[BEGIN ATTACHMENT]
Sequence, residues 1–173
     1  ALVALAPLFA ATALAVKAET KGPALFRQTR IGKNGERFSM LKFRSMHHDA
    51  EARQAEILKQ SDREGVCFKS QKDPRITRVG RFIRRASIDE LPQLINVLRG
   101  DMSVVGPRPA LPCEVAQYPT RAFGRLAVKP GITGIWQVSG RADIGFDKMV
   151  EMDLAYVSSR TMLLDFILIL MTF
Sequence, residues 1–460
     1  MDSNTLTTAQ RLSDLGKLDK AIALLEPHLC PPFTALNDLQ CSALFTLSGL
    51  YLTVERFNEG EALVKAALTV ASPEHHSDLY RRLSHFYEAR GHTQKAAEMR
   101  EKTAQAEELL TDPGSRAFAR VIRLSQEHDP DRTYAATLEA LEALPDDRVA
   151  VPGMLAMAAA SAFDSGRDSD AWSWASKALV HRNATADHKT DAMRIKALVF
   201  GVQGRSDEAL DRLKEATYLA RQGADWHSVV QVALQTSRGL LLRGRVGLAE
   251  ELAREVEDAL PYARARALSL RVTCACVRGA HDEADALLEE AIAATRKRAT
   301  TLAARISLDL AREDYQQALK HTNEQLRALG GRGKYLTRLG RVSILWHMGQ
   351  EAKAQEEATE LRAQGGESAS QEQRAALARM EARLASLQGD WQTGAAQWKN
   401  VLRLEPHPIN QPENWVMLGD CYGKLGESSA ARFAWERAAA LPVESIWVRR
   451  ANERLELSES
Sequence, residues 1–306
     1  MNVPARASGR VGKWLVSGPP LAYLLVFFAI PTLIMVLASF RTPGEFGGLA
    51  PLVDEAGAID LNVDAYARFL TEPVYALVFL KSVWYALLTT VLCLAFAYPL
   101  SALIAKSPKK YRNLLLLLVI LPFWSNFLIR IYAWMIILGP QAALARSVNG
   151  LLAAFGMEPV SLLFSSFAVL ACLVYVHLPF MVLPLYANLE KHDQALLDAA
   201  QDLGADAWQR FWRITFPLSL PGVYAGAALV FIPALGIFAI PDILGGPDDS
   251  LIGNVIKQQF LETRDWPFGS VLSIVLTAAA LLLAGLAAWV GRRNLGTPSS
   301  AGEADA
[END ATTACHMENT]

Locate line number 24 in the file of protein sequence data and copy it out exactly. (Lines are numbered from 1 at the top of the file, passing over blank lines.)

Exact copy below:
   301  AGEADA